Ford Cuts EV Investment After Losses in Q3

Ford Slashes Mach-E Production, Post Unexpected Loss.

Ford Motor Company’s 3rd quarter earnings uncovered climbing electric vehicle (EV) deficits chiefly attributable to waning demand and the EV cost battle prompted by Tesla in the beginning of 2021.

Ford was able to move 20,962 electrical cars in Q3, narrowly surpassing General Motors, which was mainly due to a higher production of the Mustang Mach-E. Sales for the Mach-E soared by 42.5 percent during Q3, with 14,824 vehicles sold, 5,872 of which were purchased in the month of September.

The car manufacturer’s electric vehicle shipments experienced an expansion of 44 percent, leading to a y-o-y expansion of 26 percent in earnings to $1.8 billion for the Ford Model e EV arm.

Regrettably, that’s where the positives for Ford’s electric vehicle enterprise reach a conclusion. In spite of the U-turn in output, profits were still substantially diminished in the third quarter with the company displaying an operating loss of $1.3 billion, larger than its figure from the second quarter which was $1.1 billion, moreover compounded by more than double its deficit from Q3 2022.

Ford recorded an approximate loss of $36,000 for each electric vehicle it sold in the preceding quarter, exceeding the approximated $32,350 EV loss in the second quarter. The auto-manufacturer anticipates a total annual deficit of $4.5 billion for its electric line. But why?

Ford has acknowledged that their Q3 loss is “attributable to continued investment in next-generation EVs and challenging market dynamics.” The carmaker has further elaborated on the latter point, noting that “many North American customers interested in buying EVs are unwilling to pay premiums for them over gas or hybrid vehicles.” This has put a strain on EV prices and profitability, according to Ford.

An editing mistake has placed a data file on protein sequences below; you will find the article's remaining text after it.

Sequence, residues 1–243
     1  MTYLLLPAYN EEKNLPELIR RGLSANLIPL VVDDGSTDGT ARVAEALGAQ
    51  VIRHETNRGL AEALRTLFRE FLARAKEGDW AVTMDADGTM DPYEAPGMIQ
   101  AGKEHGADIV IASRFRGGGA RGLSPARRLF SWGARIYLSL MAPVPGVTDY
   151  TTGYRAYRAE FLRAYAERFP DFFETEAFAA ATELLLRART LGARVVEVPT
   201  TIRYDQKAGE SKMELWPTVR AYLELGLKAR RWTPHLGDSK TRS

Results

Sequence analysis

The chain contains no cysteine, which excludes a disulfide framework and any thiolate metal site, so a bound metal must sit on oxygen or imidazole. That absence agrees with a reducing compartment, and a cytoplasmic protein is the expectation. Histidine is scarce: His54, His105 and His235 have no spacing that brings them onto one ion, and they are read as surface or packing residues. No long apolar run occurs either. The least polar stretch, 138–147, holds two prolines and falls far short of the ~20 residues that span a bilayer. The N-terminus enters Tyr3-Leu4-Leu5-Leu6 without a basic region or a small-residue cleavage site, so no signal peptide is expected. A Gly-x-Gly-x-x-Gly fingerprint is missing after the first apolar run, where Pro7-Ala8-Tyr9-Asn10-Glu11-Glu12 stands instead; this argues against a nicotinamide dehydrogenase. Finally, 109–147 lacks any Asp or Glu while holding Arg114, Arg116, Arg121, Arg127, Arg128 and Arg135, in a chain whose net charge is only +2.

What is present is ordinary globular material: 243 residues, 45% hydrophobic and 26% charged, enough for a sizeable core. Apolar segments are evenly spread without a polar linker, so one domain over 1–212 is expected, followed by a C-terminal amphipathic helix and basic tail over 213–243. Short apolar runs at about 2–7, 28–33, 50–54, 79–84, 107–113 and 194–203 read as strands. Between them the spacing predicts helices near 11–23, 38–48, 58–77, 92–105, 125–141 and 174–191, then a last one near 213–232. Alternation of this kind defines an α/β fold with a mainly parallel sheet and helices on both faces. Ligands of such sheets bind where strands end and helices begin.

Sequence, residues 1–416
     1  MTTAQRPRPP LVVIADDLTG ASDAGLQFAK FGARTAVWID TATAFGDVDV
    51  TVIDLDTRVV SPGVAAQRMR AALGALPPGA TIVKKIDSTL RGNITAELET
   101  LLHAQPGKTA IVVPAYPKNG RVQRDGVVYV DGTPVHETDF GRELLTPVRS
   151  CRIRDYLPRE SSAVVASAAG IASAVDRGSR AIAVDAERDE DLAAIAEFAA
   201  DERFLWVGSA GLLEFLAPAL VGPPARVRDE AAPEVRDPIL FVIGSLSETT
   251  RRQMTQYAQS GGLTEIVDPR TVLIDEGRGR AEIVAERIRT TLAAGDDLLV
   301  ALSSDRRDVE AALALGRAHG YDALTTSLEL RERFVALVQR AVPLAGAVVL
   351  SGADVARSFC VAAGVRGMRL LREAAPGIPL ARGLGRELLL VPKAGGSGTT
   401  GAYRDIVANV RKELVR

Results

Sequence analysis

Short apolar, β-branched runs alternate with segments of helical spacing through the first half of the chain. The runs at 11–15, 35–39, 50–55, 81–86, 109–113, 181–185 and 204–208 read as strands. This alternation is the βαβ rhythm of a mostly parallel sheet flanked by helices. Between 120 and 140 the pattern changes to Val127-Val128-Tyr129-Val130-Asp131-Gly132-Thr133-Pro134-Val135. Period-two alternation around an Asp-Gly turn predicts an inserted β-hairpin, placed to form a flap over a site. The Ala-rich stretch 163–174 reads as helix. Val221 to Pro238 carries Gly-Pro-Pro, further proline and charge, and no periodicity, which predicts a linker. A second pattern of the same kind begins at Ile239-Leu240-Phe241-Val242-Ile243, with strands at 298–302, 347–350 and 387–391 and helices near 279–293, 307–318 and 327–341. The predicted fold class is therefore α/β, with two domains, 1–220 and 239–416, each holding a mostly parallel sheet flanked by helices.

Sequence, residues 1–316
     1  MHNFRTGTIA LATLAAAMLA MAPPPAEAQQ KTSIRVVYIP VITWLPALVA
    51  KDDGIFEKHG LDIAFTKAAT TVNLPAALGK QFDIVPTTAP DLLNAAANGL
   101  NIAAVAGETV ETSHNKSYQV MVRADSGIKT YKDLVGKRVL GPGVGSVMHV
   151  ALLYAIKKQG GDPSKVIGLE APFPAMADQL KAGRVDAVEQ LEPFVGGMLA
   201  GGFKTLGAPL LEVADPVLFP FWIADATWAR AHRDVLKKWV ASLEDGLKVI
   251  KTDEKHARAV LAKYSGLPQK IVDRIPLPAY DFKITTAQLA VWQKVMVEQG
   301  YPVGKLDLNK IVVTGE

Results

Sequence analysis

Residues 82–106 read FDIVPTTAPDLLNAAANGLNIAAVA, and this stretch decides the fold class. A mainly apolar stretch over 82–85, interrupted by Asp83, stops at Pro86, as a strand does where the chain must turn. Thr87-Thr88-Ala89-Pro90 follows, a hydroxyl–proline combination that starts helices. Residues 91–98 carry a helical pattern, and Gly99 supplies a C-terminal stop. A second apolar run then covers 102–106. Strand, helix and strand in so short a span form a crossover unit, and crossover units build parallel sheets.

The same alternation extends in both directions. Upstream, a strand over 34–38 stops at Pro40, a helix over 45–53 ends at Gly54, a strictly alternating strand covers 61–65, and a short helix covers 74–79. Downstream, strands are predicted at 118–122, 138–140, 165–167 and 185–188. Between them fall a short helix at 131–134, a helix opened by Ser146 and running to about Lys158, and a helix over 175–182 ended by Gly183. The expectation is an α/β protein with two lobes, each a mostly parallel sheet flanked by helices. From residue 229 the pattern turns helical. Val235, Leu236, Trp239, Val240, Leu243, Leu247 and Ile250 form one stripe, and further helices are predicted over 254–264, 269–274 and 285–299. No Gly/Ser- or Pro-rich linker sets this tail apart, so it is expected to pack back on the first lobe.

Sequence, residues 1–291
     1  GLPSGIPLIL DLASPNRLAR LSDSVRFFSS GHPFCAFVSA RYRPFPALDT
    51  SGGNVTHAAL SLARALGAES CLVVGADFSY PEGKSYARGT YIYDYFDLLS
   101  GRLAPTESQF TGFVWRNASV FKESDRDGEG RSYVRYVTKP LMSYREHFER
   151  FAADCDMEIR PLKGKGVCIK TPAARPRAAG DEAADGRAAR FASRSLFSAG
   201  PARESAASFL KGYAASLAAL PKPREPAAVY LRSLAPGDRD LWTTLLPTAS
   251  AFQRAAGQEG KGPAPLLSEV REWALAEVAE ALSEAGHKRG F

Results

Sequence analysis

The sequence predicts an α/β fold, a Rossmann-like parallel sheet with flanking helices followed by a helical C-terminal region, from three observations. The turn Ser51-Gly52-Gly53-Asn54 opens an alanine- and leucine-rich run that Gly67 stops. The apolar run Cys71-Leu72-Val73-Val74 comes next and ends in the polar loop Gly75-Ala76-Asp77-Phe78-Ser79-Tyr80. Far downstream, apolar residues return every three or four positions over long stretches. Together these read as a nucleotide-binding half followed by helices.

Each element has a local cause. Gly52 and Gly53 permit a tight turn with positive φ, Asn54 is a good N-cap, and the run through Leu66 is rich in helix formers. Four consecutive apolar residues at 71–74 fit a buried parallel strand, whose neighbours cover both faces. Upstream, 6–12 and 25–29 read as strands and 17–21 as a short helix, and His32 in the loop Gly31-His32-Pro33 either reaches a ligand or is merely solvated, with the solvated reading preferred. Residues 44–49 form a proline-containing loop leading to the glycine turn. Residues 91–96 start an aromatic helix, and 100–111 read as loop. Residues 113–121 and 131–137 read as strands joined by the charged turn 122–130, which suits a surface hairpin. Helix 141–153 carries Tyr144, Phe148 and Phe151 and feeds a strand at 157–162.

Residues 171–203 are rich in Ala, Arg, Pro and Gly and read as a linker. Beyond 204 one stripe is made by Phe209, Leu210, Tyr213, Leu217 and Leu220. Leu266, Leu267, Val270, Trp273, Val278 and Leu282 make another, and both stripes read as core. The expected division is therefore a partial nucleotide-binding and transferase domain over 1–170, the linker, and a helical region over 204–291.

“In order to ensure that EV investments are adequately balanced with customer demand,” the company declared that it is reducing its planned EV investments by approximately $12 billion. This move is meant to ensure that the company is appropriately pacing its EV investment in relation to customer needs.

Ford is reducing the production of their Mustang Mach-E and delaying the starting date of one of their two planned battery plants in Kentucky associated with SK On. The organisation hasn’t indicated how long this postponement of EV assets or battery plant will be. The second battery facility in Kentucky and the Blue Oval City building in Tennessee remain unaltered though.

“Contrary to popular belief, the market for electric vehicles is still growing – it’s just at a slower rate than the industry anticipated,” stated Ford Chief Financial Officer John Lawler during an earnings call, as reported by Automotive News. Lawler went on to say that, due to the softening in demand, Ford will need less EV capacity in the near future.

He emphatically stated that they had no intention of abandoning plans for their second generation electric vehicles, inclusive of a full-size pickup truck and a 3-row utility vehicle.

Additional strain will almost certainly be placed on Ford’s budget due to the proposed understanding with the UAW, which entails a 25% wage hike for 57,000 personnel throughout five years. According to Reuters, John Lawler – Ford’s Chief Financial Officer – declared in a press conference on Thursday that the new contract is likely to bring about an additional $850 to $900 charge of labor per car.

Ford gauged that the labor stoppage initiated by the UAW and enduring for 41 days resulted in output disruption of roughly 80,000 cars, bringing about an expense of $1.3 billion, ultimately erasing almost $1.2 billion in profits during the third quarter.

Sources: Ford Motor Company, Reuters, Automotive News

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